‘The only authentic way you can tell a story from a particular place is to get someone from that place.’
– Taika Waititi
The Pit (Die Grube/Гьолът) is the nickname locals have given to a small thermal pool in Varna, Bulgaria’s largest coastal city. This location also becomes the main character in Hristiana Raykova’s titular feature debut. In what feels like a very Brechtian ouverture, the pit is introduced to us by its regular visitors. ‘Ladies and Gentlemen’ a contributor commences ceremonially, looking straight into the camera, his speech followed by images of men and women who joyfully perform for our gaze, dancing and speaking to us. The camera reinforces this self-aware aesthetic by including the boom-operator within its frame, confirming the vérité journey the film embarks on. This is how Raykova’s documentary, which is also her graduation project, opens up. By the time the first scene departs, we are already introduced to the film’s playful mood and its vivid characters whose natural self-eccentricity give the film a Herzogian quirk.
The self-reflective theatricality is soon substituted with naturalism. The camera adopts an observational position, and although the characters still speak to its eye, the conversations occur as intimately as between two friends. There’s no boom in sight, no noticeable crew, only Raykova’s questions can be heard sometimes, reinforcing the dialectical feeling of her film.
The pit is a thermal basin completely free of charge and maintained by its devoted volunteers, mainly the taxi driver Dimtscho, retired musician Alexander, and Genadi, a Russian man who now lives in Bulgaria where he has achieved his dream of running a petting zoo. In the daylight, regulars come to the pool to heal, relax and socialise, and we follow them through funny anecdotes that offer a closer look to their personalities and the conditions they live in. This, though, is only one part of the pit’s dual life. At night, the pool becomes a hanging place for Bobby – a young ethnic man who, homeless for most of the time, uses the pool as a place to meet other men to sleep with. Sometimes for money, sometimes for pleasure, as he explains himself, ‘the most important thing is to satisfy my lust.’
The relationships Raykova and her crew establish with the people of the pit offer an intimate window into the individuals and their lives. We meet Dimtscho’s slightly intimidating Russian partner, Alexander relives the memories of his glorious, albeit exaggerated, youth, while trying to rent the rooms of his house to tourists. Boby lets us enter the most private elements of his life, offering a different perspective to the notions of homelessness and freedom. Diving even deeply into the intimacy of getting to know a person, the camera lets us study the characters in fascinating details: their expressive faces, their wrinkles, their cuts. The way Alexander warms his hands when he’s cold, or the plaster on his knee. All those elements tell their own little stories, inviting us into the private lives within a microcosm. The pit is its own world, and its inhabitants constitute a galaxy.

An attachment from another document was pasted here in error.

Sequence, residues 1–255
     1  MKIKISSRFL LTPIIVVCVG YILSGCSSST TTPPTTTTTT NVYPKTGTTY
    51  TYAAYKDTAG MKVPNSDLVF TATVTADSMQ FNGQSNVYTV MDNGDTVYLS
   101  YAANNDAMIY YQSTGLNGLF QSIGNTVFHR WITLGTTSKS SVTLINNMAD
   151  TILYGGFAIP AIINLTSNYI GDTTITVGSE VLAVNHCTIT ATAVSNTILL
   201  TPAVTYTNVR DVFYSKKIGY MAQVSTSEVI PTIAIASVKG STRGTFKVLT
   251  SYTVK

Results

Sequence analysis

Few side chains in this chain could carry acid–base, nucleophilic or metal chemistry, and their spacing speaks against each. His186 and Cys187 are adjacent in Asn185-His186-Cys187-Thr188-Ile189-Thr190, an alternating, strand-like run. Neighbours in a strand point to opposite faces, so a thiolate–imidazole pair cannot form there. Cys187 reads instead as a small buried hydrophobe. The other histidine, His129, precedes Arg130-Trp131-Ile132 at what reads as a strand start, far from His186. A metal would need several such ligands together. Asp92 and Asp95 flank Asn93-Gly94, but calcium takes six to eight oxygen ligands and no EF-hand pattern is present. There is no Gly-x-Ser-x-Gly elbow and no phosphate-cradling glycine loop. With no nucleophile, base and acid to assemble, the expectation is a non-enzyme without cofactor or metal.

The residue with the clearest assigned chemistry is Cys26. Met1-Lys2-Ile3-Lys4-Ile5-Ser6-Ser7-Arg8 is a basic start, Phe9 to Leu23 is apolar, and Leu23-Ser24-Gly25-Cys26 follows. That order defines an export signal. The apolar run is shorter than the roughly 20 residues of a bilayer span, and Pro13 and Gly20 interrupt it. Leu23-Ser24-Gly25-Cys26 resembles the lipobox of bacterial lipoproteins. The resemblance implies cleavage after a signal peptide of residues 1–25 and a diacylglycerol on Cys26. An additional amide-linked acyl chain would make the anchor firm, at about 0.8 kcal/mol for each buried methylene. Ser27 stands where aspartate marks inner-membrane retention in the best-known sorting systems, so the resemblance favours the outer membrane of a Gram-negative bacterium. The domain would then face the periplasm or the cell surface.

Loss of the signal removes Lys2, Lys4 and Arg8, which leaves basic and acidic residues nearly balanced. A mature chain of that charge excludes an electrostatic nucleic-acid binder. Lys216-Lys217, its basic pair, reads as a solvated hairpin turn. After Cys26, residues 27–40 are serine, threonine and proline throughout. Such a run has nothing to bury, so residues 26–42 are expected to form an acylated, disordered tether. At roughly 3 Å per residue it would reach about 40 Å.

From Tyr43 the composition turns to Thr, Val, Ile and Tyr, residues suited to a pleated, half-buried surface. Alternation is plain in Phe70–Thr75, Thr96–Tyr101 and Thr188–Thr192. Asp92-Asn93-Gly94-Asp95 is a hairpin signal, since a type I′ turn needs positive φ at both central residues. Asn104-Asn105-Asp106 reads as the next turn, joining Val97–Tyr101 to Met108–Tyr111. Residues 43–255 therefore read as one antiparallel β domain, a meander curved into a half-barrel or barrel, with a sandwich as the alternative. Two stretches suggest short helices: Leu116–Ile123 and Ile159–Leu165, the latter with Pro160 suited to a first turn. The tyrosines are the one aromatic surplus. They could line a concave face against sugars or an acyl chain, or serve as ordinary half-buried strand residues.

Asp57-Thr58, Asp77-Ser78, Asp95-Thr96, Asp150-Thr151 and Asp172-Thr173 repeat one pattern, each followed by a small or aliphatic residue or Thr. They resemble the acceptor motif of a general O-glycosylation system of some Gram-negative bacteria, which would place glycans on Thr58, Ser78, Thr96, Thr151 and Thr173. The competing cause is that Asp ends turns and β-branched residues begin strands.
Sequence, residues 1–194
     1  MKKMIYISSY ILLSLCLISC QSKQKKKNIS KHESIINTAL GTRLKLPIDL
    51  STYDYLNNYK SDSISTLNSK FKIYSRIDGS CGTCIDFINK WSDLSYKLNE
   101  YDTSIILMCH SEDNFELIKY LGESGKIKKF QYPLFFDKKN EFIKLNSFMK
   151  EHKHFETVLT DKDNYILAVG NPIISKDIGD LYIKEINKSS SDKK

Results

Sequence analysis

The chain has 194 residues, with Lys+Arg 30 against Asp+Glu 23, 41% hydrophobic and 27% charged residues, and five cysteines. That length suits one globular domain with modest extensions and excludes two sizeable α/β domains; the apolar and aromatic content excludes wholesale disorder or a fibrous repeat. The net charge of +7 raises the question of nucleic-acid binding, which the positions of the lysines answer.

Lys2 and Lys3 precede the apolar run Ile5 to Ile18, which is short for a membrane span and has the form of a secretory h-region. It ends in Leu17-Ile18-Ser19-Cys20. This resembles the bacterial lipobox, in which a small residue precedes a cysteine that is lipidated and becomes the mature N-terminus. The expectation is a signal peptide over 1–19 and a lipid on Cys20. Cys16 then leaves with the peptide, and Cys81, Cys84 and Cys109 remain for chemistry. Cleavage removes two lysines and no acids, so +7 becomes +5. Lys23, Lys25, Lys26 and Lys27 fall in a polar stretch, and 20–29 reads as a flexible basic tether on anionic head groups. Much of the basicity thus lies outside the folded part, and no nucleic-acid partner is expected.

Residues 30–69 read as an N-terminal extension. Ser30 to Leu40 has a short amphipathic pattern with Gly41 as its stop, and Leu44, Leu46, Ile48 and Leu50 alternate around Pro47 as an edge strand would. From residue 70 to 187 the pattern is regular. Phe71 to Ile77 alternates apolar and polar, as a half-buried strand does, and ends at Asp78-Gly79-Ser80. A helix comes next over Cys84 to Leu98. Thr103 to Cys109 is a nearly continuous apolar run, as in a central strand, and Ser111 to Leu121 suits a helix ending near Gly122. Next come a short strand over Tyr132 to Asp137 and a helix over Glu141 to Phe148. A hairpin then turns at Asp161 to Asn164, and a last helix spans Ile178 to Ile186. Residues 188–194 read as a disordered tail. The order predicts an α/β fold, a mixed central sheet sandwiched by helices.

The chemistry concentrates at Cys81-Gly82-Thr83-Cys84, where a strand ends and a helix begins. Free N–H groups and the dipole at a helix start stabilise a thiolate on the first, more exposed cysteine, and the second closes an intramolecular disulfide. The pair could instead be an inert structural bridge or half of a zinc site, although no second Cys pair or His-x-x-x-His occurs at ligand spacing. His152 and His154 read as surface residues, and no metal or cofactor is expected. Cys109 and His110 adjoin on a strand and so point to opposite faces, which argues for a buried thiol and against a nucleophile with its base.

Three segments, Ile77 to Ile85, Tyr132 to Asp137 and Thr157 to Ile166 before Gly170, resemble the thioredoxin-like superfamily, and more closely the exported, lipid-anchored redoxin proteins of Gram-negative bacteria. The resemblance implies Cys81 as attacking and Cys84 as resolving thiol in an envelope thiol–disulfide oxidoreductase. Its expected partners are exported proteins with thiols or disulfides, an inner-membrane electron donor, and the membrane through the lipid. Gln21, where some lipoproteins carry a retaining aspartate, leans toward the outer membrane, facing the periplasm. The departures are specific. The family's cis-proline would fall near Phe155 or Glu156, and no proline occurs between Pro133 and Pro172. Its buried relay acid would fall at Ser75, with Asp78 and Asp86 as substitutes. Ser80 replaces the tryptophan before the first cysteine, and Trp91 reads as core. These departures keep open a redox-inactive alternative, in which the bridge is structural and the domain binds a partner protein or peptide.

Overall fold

There seems to be a lot of sadness in the stories we encounter, but there’s not a hint of pity in the way the film portrays them. Instead, it leaves us full of love and sympathy for a handful of people who have created a little world around their favourite hanging spot. The almost Utopian collectivity of the pit is threatened when the government decides to privatise the place. For many of its visitors, the pool is a salvation from loneliness and boredom, that, once the government starts to charge an entrance fee, they could never afford with their ridiculously low pensions. Although reflecting on the importance of this issue, and the political metaphor it represents, the film restrains from grey and dramatic portrayals of poverty and loneliness – something contemporary films about Bulgaria tend to often indulge in.
Although The Pit inevitably evokes the reality of Bulgaria and its socio-political issues, the film lets us leave the screening room with a hopeful promise that humanity is beautiful and pure, and that what unites us weights more than the things that divide us. If directors are to create documentaries that reveal humanistic truth instead of poverty porn, then they, like Raykova, should let their contributors narrate their own stories.